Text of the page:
Bacteriophages, viruses that infect bacteria, have been utilized as treatments to control bacterial infections as early as the 1920–1930’s and continues today in Eastern Europe. Additionally, bacteriophages have played major roles during seminal investigations of molecular biology and improvements for biotechnology applications . Approaches to address antimicrobial resistance among animals and humans have included passive immunization with bovine milk antibodies, use of probiotics, prebiotics and bacteriophage therapy. Antibodies isolated from colostrum milk of dairy cows hyperimmunized with diarrhea-associated pathogens showed oral treatment efficacy in children hospitalized with rotavirus , but not with E. coli diarrhea. Conversely, in children a Lactobacillus paracasei ST11 probiotic showed treatment efficacy against bacterial, but not viral diarrhea . Bovine milk oligosaccharides used as a prebiotic food supplement in bottle-fed infants induced a stool microbiota shift to a Bifidobacterium-dominated microbiota typically found in breastfed infants, raising the prospect of microbiota modulation with nutritional interventions . Finally, a T4-like coliphage cocktail was developed at the Nestlé Research Center (NRC) in Lausanne and subsequently tested for safety in healthy children by the International Center of Diarrhoeal Diseases Research, Bangladesh . This T4-like phage cocktail was assayed in parallel to a commercial Russian phage cocktail  in children hospitalized with acute E. coli diarrhea. No treatment effect over standard care (oral rehydration solution supplemented with zinc) was observed during the trial . The treatment failure was tentatively explained by the fact that only 70 per cent of the children showed a microbiologically confirmed E. coli diarrhea, that pathogenic E. coli titers remained below the in vivo phage replication threshold and that only half of the children harbored E. coli susceptible to the phage cocktail . In addition, the etiological role of major E. coli pathotypes in childhood diarrhea from developing countries was increasingly questioned in the scientific literature. When comparing a successful Pseudomonas-associated otitis externa infection with the unsuccessful E. coli-associated acute diarrhea phage therapy trial, several differences emerged leading to recommendations for future clinical trials. Based on this comparison, criteria of an infectious disease whereby phage therapy is more likely to be effective include (1) one should target an infection where a single pathogen with a high pathogenicity index causes a clinically easily diagnosed infectious disease; (2) the pathogen should be present at high titer and be physically accessible to the applied phage; and (3) chronic infections are better targets for phage therapy than acute infections. Practically, patients should be pre-screened for in vitro susceptibility to the phage. Also, prevention is easier than treatment with phages, while chronic infections are better targets than acute infections .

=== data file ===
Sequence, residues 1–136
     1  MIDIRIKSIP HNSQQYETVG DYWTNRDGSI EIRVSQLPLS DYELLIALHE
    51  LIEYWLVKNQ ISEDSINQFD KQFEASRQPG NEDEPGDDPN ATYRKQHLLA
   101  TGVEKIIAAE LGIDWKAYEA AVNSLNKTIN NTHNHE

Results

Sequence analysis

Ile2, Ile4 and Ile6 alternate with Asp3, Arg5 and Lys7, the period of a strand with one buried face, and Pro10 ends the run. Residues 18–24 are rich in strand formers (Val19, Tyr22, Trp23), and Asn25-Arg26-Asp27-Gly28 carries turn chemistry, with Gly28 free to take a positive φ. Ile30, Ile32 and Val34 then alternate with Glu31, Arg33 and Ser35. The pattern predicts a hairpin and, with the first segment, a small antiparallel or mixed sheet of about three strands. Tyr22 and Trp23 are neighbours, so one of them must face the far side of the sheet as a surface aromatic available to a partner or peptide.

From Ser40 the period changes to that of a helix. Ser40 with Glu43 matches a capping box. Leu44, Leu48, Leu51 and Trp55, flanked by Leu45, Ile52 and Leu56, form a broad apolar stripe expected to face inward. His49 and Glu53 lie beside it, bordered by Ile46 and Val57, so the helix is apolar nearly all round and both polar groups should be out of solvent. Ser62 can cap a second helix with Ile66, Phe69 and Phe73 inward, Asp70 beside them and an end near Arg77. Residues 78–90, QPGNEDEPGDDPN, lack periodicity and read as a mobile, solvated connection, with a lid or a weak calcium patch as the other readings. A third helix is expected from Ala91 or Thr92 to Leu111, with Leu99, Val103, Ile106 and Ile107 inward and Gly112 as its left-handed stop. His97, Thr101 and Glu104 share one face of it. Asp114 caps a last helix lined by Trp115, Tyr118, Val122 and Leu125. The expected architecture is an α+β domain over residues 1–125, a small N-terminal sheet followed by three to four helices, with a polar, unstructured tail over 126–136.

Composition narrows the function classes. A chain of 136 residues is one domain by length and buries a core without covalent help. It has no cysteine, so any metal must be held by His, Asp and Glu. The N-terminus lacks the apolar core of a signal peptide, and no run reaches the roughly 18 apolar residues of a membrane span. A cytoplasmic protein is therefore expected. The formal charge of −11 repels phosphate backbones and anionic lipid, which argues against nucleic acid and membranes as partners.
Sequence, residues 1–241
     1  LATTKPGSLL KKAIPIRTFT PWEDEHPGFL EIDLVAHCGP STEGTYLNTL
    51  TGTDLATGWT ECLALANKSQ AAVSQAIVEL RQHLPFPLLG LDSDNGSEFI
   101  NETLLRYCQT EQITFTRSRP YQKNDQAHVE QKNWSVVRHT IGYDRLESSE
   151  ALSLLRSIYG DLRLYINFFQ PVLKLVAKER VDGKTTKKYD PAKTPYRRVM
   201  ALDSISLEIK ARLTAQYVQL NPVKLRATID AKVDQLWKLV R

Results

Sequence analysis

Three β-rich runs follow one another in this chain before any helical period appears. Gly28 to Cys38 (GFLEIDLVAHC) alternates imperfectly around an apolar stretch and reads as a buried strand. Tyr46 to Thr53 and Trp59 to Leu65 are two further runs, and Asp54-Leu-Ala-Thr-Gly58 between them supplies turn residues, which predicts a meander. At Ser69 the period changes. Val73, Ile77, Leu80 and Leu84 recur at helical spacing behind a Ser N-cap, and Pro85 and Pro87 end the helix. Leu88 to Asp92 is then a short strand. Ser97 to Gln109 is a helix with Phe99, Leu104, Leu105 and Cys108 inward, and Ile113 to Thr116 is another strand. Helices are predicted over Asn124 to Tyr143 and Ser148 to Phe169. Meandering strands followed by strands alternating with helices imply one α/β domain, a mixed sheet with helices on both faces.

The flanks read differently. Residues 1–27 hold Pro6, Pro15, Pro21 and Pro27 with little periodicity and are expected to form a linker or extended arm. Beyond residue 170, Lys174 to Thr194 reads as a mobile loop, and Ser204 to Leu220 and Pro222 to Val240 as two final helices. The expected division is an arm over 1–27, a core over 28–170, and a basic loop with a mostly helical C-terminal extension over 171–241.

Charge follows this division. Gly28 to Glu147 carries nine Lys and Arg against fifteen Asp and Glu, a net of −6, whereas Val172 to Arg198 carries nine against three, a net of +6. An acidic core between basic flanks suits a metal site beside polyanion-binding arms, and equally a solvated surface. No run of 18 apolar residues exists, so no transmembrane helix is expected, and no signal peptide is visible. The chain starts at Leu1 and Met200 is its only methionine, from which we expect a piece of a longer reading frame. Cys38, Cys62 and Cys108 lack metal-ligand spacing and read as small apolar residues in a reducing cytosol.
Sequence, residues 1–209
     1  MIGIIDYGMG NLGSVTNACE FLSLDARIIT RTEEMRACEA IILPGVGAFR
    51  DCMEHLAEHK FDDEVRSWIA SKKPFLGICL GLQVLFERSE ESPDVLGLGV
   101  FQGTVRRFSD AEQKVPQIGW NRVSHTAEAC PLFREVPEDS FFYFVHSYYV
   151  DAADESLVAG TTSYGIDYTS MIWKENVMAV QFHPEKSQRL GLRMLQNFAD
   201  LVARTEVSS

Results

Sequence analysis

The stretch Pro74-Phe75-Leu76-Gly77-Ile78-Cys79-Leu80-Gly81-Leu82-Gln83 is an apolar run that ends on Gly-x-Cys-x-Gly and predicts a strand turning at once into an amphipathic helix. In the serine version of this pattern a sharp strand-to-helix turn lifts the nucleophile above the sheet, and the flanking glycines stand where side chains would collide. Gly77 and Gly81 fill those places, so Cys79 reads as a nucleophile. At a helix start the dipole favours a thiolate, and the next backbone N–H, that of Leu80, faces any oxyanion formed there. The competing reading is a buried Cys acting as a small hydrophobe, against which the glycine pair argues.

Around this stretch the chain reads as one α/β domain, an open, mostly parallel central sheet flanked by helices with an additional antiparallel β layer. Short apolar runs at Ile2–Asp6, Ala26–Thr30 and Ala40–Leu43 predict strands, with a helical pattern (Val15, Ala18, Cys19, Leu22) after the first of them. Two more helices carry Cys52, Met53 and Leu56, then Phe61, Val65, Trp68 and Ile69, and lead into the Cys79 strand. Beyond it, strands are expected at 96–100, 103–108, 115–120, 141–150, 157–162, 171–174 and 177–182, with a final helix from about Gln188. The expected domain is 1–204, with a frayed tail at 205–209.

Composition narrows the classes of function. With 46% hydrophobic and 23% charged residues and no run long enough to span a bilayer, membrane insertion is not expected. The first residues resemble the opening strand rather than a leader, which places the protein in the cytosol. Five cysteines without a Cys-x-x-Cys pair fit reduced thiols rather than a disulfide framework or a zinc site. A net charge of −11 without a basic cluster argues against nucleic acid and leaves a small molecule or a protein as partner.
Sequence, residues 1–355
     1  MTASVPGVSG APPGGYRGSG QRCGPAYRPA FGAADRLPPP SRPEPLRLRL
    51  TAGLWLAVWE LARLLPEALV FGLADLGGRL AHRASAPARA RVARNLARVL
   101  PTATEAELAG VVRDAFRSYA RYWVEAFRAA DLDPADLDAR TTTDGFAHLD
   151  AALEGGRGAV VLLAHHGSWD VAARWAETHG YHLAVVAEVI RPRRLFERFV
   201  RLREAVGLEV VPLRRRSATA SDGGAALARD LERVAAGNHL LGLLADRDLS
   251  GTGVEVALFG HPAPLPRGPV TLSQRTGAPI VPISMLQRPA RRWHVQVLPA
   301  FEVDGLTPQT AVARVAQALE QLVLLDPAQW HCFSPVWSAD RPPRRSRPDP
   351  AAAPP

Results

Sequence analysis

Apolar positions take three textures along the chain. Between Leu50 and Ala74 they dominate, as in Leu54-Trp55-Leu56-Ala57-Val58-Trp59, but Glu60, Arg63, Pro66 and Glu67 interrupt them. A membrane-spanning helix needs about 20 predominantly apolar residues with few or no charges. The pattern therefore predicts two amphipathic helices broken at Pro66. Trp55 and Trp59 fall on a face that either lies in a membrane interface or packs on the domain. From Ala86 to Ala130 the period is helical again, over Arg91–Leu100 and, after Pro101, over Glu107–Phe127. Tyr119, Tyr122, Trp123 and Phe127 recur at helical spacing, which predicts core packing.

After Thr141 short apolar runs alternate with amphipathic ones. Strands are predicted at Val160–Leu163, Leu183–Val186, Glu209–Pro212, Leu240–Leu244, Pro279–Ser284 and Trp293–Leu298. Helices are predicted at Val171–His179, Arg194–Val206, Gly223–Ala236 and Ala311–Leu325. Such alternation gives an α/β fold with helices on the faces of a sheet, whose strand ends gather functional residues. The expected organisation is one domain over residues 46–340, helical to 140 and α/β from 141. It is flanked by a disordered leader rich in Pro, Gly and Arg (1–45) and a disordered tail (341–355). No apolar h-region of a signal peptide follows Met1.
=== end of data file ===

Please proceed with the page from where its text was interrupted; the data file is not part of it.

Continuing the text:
Other bacteriophage and lysin technologies have been previously reviewed by others . Recent attempts by investigators to induce prophage from Staphylococcus aureus bovine mastitis isolates as a potential to screen, identify and characterize bacteriophages, then potentially express their endolysins for use in non-antibiotic therapies of mastitis (Cullor J, U California, Davis, USA). Combinations of naturally occurring bacteriophages could potentially be administered early during the broiler chicken rearing period to control dysbacteriosis (Smyth VJ, Agri-Food and Biosciences Institute, Stormont Laboratories). Investigators at Synthetic Genomics in La Jolla, CA, USA have developed a cell-free phage engineering method that allows rapid and iterative editing of viral genomic DNA. They have engineered wide host-range phages to express biofilm degrading enzymes and antimicrobial moieties against Pseudomonas aeruginosa . Bioinformatics was also utilized to analyze genomes of 43 unique Clostridium perfringens isolates from chickens and their genomes were searched for putative peptidoglycan hydrolase enzymes by homology to known lysins. There were several hundred putative peptidoglycan hydrolases identified and four proteins with homology to bacteriophage lysins were subsequently expressed and shown to have high lytic activity against all the C. perfringens chicken isolates as well as nine porcine isolates. Activity to lyse C. perfringens was demonstrated by plate lysis, zymograms and turbidity reduction assays [Donovan DM, ARS-USDA].